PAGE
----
The Weight

Tuesday, August 1, 2017

i-phone photo: Joshua Franzos


"Take a load off fanny, take a load for free."

Even the music I was listening to was mocking me, cuz that's what I needed to do. Take a load right off the fanny. The Weight, as in my weight gain, was the result of a convergence of things. Giving up amphetamines. Getting a puppy that needed to get up 2-3 X a night and then skipping the gym in the morning because I was too exhausted. Also, not altering my food or alcohol intake to account for less drugs and activity. After a couple months of this, I gained some weight. TBH I didn't really notice it until my pants began to hurt me. But the real slap in the face was when a nurse weighed me and the scale was on an upwardly mobile path towards 10 stone. (I'll let you google that if you really want to know, but since the goal of this blog post is NOT to get hung up on numbers,  maybe you shouldn't and should just keep reading).

Except for doctor visits, I do not weigh myself because it makes me crazy. It is easy for me to obsess. I'm an artist so it's a little weird for me to obsess over a number when I really despise all numbers, but I do. But I find that body weight numbers often don't give us the whole story. It doesn't tell you your fat to muscle ratio for one. But I tell you all this, because I want to peel back the fashion blog facade a little and be more real around here. The more personal I get, the more you, dear reader, seem to relate or at least view me as the imperfect human that I very much am. As a writer, my goal is to create multi-dimensional characters on the page and I feel like I should do more of that around here. I find myself, a blog reader as well, growing weary of everything being happy and perfect and on trend all the goddam time. I prefer our relationship to be one of mutual respect for one another rather than one-sided admiration.There are real people behind fashion blogs. I'd like see more of them and be advertised to a little less. So I thought I'd apply my own desires for other people's blogs to my own blog. Y'know, to show that I'm more than just a pretty face with pretty clothes. I swear. I drink. I don't have magical metabolism.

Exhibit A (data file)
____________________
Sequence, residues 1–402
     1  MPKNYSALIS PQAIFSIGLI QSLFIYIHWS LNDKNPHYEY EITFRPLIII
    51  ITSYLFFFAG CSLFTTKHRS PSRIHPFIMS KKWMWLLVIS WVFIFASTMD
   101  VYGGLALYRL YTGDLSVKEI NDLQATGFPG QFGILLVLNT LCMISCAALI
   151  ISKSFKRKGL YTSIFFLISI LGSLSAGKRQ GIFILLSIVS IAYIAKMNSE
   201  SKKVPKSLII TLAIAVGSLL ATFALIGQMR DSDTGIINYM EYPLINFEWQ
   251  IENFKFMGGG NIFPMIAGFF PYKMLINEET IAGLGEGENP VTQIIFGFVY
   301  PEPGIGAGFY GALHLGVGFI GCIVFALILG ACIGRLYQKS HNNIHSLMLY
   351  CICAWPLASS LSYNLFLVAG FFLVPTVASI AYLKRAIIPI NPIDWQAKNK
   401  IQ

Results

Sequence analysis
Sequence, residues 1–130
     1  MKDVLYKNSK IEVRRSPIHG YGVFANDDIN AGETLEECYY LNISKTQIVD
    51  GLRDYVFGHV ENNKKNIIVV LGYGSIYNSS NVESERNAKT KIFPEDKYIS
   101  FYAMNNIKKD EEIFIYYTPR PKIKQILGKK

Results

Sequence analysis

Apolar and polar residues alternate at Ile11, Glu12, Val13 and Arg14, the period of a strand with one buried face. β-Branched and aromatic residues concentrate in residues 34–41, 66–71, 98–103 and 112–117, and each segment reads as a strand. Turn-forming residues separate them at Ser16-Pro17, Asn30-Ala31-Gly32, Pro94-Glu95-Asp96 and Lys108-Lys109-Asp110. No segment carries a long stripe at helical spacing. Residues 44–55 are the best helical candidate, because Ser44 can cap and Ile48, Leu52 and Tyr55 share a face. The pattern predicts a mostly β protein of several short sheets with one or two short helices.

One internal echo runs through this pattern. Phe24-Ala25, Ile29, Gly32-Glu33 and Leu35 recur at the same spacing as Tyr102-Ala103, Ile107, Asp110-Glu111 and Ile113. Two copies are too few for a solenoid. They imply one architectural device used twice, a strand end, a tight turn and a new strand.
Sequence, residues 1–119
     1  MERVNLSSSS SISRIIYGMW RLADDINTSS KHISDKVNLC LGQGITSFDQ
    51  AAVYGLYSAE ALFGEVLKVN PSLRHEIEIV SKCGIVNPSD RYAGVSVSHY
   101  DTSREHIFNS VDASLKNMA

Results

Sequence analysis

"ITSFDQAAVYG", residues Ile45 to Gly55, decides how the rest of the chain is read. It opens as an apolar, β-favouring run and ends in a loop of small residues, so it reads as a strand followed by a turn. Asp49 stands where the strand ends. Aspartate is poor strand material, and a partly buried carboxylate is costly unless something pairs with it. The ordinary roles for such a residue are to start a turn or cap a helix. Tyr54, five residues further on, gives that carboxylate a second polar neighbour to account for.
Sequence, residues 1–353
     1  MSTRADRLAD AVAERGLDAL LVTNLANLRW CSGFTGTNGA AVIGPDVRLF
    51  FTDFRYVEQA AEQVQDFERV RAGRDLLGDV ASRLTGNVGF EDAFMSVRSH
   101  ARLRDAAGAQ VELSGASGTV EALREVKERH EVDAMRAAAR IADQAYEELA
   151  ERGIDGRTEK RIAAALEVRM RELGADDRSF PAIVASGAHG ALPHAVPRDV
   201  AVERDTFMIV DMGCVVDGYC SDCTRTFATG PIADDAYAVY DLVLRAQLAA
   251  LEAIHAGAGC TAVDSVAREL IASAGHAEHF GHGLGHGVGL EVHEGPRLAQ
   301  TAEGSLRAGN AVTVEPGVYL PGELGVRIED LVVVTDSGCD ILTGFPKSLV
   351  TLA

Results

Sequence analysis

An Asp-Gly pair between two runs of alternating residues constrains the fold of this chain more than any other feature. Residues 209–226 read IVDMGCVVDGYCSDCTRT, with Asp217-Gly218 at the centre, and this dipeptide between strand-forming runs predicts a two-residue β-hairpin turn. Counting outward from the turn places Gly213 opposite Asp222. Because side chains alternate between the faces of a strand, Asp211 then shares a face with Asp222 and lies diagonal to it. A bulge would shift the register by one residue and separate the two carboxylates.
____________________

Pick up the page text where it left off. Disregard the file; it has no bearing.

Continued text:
I've been in good shape for the past ten years. The best in my life, thanks to probably three things. Amphetamines. A gluten free diet. Working out 4-5 times a week. But I wasn't always in great shape. I was in the worst shape and in the worst mental head space right after my father died (17) until I was about 26. Most females are or have been in that toxic headspace at some point in their lives. The whole bitch of the matter is you don't even have to be in bad shape to have a poor body image!

Back when I had some abs. photo credit: Joshua Franzos

I was even a professional model with agencies in Michigan and New York during that period. Still no. Thought I wasn't thin enough. Most of us aren't explicitly taught to inhabit as little space as possible, but as females we tend to suck that message right up, almost osmotically. Be thin. Weigh as little as possible. Value what our bodies look like over what they can do. Don't even get me started on undervaluing the feminine mind. Ugh.

But then something changed. Maybe it had something to do with the onset of my thirties. Or maybe because I made a lot of brazen personnel and vocational changes so that I'm actually happy in love, happy in what I'm doing, and therefore, happy in body and my own skin. I don't know. But I do know that I'm done with the poor body image chapter of my life. I closed the door on that sadistic squatter in my head a very long time ago. But I tell you, almost two months ago, I looked at Doctor's office scale and I could swear that I heard her scratching at the door.